Saturday, November 13, 2010

The Strand

My first impression of The Strand bookstore on 12th and Broadway was that it seemed to be a bustling hybrid of library and yard sale. My buddy Erin (H.) and I walked in and were literally bombarded by books. There were books stacked on tables, on the walls, on the floor, on dollies being wheeled around, and in the arms of at least twenty patrons. So not fung shui. And so exciting.

As we entered, a wide-eyed employee offered us a shopping bag. When we refused, she seemed a bit taken aback. I filled in the thought bubble above her head. “How could you come here and not leave with at least too many books to carry?” In defense of my literary prowess, I explained the whole blog situation and asked if she had any interesting facts about the store that she would like to share. She didn’t. We squeezed past her and walked further in as a man with two grocery bags of books walked up to the counter behind her. “Selling?”, another employee asked, “Next counter”. I was intrigued. I found a more knowledgeable worker and learned that this was not just a bookstore, it was more like a book depot. The reason this fabulous building had so many interesting books was that they buy old books and resell them. We started strolling through the aisles and saw the used books were positioned alongside new books and were stacked from higher than we could reach to literally on the floor. Aisles and aisles. And floors and floors of aisles. I was overwhelmed. At the risk of exposing my (probably already apparent) inner geek, I will say it was beautiful.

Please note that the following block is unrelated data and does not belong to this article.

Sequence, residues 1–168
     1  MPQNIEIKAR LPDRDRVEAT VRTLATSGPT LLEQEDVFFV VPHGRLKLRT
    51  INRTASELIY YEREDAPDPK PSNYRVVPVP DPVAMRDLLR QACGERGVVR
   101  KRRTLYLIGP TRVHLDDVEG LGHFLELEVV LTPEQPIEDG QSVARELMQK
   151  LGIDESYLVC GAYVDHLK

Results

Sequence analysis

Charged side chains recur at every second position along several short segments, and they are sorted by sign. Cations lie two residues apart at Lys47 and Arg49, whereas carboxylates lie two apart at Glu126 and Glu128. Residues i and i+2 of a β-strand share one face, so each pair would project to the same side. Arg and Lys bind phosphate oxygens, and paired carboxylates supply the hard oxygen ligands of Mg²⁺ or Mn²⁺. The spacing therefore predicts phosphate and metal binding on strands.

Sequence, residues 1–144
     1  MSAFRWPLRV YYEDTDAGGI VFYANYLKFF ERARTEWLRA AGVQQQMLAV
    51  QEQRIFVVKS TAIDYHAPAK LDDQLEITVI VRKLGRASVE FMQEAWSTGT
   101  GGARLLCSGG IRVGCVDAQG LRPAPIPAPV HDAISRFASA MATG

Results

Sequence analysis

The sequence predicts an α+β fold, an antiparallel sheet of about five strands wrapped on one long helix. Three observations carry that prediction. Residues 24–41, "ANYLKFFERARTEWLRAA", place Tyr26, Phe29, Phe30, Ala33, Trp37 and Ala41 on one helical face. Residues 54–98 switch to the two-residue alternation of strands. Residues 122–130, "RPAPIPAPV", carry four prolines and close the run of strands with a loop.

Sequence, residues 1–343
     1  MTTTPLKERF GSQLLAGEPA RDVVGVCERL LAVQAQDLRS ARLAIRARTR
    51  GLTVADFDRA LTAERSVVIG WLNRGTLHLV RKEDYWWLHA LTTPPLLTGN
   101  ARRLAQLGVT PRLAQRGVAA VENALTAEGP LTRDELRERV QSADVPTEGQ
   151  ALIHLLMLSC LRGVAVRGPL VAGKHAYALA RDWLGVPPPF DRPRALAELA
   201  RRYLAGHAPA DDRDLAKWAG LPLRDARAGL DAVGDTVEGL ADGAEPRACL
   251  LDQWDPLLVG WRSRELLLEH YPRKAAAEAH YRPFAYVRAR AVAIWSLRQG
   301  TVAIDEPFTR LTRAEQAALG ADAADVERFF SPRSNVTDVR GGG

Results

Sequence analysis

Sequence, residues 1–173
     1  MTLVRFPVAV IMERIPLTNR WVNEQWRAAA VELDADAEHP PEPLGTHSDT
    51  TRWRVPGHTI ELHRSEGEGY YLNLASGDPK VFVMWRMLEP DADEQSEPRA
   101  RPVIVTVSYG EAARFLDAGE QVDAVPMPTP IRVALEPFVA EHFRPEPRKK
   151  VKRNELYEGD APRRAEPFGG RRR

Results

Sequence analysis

After a little perusal, we took the elevator to the rare books collection on the third floor. We stepped off into a little corner of heaven. Here were aisles of more books, but most of these were at least fifty years old. There was a collection of Shakespeare’s works in books no more than two inches tall. There was a signed copy of Merrill Ashley’s Dancing for Balanchine. I looked down at a table where a book entitled Ventriloquism for Fun and Profit was lying next to a stack of vintage Playboys. It was the most fabulously random collection of old books I had ever seen. Every book toward the front of the room had a price lightly penciled into the inside cover. As I ventured to the back of the room, I saw a sign that told me to ask for prices of the older books. In front of it was a desk with glue, paint, towels, and other supplies. I asked the sweet older man that seemed to be in charge if he had been restoring books at the desk. He smiled and showed me a grocery bag of musty novels. “We take anything people will give us and we make it as good as new”. He was so proud of his stacks. I was, too, actually. I walked around a bit longer, found a first edition of The Lone Ranger and thought of my dad. It was published in 1938 and still had the colorful paper cover folded in the back cover. There were at least four names of little boys that had owned (and I’m sure loved) the book penciled into the front cover and scratched out. I imagined a young Dan Lookadoo curled up on his bed reading it. This book alone was worth the trip. 

I picked up a really old, really heavy copy of a collection of works by Byron. It was probably the most beautifully crafted book I had ever held. I wondered why it wasn’t behind glass. Then I looked around and noticed that nothing was behind glass. I was suddenly terrified. “Someone could seriously damage these books”, I thought. Then I realized that anyone that would take the time to come to the rare books floor of The Strand wouldn’t dream of marring Byron. And, I figured, if they were behind glass, I wouldn’t be able to smell that yummy musty book smell and hear the crunch of flipping the yellowed pages. In a day and age where everything is digitalized and new, The Strand has managed to preserve the visceral joy of the experience of a book. I put down Byron, left with its smell still in my nose, and embraced my inner geek.

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